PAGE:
2011 in Korean Translated Literature: The Year in Review

2011 was an active year in Korean literature.

• First, as the year began, Korea lost one of its great authors, and one well represented in translation, Park Wan-so. An international literary treasure as well a national one, Park’s literary career  spanned thirty years, and she wrote more than 20 novels and 100 short stories, a fair proportion of which were translated into English. Perhaps her most famous work was Who Ate Up All the Shinga, a semi-autobiographical novel of growing up in and after the Korean civil war.

• The year continued on a not-so great note as KTLIT noted that the Asian Man Literary prize did not include any Korean candidates, and that in fact, most prizes for translation seemed unaware of Korean works.

• Kim Young-ha, one of the most successful Korean writers in English translation, weighed in on the death of 0f aspiring screenwriter Choi Go-eun (a friend of Kim’s), and ended up quitting Twitter and blogging after a series of  online debates with literary critic Cho Young-il. Fortunately, by the end of this year he had at least returned to podcasting, and the news that a translation of his “Black Flower by Charles La Shure should be published next year is good news to his fans.

• Even better news came in the first quarter of the year when Shin Kyung-sook’s Please Look After Mom, took the English speaking world by storm, hitting the New York Times Top 10 List, making Amazon’s 10 Best Books of the Year list, being published in the United States and Europe, and selling more copies than any other Korean translation ever had. Even better, as Shin’s work rose to the top of the bestseller list, it demonstrably dragged other Korean translations with it, as their popularity rose markedly on Amazon.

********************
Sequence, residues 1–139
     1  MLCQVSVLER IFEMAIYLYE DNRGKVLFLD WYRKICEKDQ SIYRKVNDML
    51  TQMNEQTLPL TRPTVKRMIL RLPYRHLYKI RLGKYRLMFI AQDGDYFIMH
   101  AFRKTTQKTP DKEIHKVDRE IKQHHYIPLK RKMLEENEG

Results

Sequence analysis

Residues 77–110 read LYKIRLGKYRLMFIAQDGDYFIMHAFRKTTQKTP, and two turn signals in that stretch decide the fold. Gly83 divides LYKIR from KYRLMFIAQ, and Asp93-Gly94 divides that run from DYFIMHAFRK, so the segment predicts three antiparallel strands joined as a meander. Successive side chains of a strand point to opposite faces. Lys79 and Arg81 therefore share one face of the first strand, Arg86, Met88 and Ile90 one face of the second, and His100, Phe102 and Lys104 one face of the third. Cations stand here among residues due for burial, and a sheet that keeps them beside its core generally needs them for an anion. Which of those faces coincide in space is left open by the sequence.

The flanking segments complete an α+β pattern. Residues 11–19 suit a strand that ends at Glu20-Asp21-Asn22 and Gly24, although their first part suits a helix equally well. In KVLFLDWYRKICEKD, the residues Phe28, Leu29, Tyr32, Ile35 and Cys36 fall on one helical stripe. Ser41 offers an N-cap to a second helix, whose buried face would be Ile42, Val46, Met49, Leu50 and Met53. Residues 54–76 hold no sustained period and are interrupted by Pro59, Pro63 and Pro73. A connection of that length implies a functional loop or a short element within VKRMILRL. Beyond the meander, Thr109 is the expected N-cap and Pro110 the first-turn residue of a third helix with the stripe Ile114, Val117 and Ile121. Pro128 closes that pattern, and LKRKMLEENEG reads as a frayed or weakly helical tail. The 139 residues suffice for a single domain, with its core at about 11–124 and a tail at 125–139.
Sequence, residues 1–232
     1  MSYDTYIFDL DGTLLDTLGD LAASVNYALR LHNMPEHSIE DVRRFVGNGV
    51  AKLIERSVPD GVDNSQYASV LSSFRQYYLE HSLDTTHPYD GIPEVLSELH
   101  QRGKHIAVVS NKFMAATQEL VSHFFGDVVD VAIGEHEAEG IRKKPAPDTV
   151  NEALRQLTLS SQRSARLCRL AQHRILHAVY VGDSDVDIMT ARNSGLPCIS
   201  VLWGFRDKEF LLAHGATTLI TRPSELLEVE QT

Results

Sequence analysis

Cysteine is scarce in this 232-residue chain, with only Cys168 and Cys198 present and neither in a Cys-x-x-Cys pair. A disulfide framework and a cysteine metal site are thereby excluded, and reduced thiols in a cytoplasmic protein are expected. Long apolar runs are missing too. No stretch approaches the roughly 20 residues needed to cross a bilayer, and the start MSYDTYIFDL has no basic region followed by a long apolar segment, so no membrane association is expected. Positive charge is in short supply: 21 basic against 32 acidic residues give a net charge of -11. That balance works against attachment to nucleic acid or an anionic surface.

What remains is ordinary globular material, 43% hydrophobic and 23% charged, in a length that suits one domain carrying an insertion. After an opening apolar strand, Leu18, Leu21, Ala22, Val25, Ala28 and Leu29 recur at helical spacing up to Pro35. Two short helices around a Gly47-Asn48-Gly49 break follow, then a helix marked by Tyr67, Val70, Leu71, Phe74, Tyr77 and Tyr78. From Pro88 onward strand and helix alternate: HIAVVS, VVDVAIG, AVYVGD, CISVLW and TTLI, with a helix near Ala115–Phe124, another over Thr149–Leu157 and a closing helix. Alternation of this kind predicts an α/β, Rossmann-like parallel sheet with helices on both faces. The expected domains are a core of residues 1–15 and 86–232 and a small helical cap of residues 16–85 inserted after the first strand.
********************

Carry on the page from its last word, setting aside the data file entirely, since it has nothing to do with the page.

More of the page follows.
• In publication, special mention should be made of the excellent feminist collection of modern fiction by female Korean authors, Questioning Minds. The book was technically published on the last day of 2010, but its sales took place this year.

• Renowned author Yi Mun-yol (and translator Heinz Fenkl) also scored a triumph when An Anonymous Island was published in the New Yorker Magazine.

• LTI Korea, celebrated its 10th anniversary with a conference intended to help lay the groundwork for another successful decade.

• The year continued with a bit of silliness as some members of the GNP called for investigation of author Gong Ji-young for her book The Crucible (later made into a movie and released in the US). The GNP might well dislike Gong, whose politics are extreeeemely left, as her dressing down of protestors celebrating the death of Kim Jong-il demonstrated (Tip of the Hat to “Hidden Connections” for turning this up).

• The year ended with splendid news, as LTI Korea and the Dalkey Archive announced that they were partnering to translate 25 Korean books, which will be released (I think) in 2013.

All in all, a year with more good in it than bad, and it makes me look forward to what the current year will reveal!

 

 

 

5 thoughts on “2011 in Korean Translated Literature: The Year in Review

  1. Charles,

    I’d imagine she does, but then I would if I could access it here and it wasn’t problematical to talk about while in-country.

    Politics here in Korea is super-partisan, though as I look back across the Pacific I see it is no better there, and for far less important historical reasons….

  2. Politics in the USA and Canada is super broken.

    The USA is worse than Canada in this regard.

    Is Korean literature from China, Russia, etc. also problematic?

  3. Charles,

    I don’t think it is, but I haven’t looked for modern translations of Chinese and Russian. My guess is that since they are no longer officially communist, since they are not at war, and since SK damn well knows they better be friends, the literature is ok.

    But it’s a guess..

  4. Thanks:

    BTW; I saw this book review from your closest neighbour in its main newspaper:

    신념의 맹세로 드높은 기적소리 (서평양기관차대 《붉은기》6023호를 타고)

    The book is dreadful, I understand.

    It is bisarre, though, that in a modern democracy there are proscribed books.

    ROK should lead by example and permit intellectual freedom.

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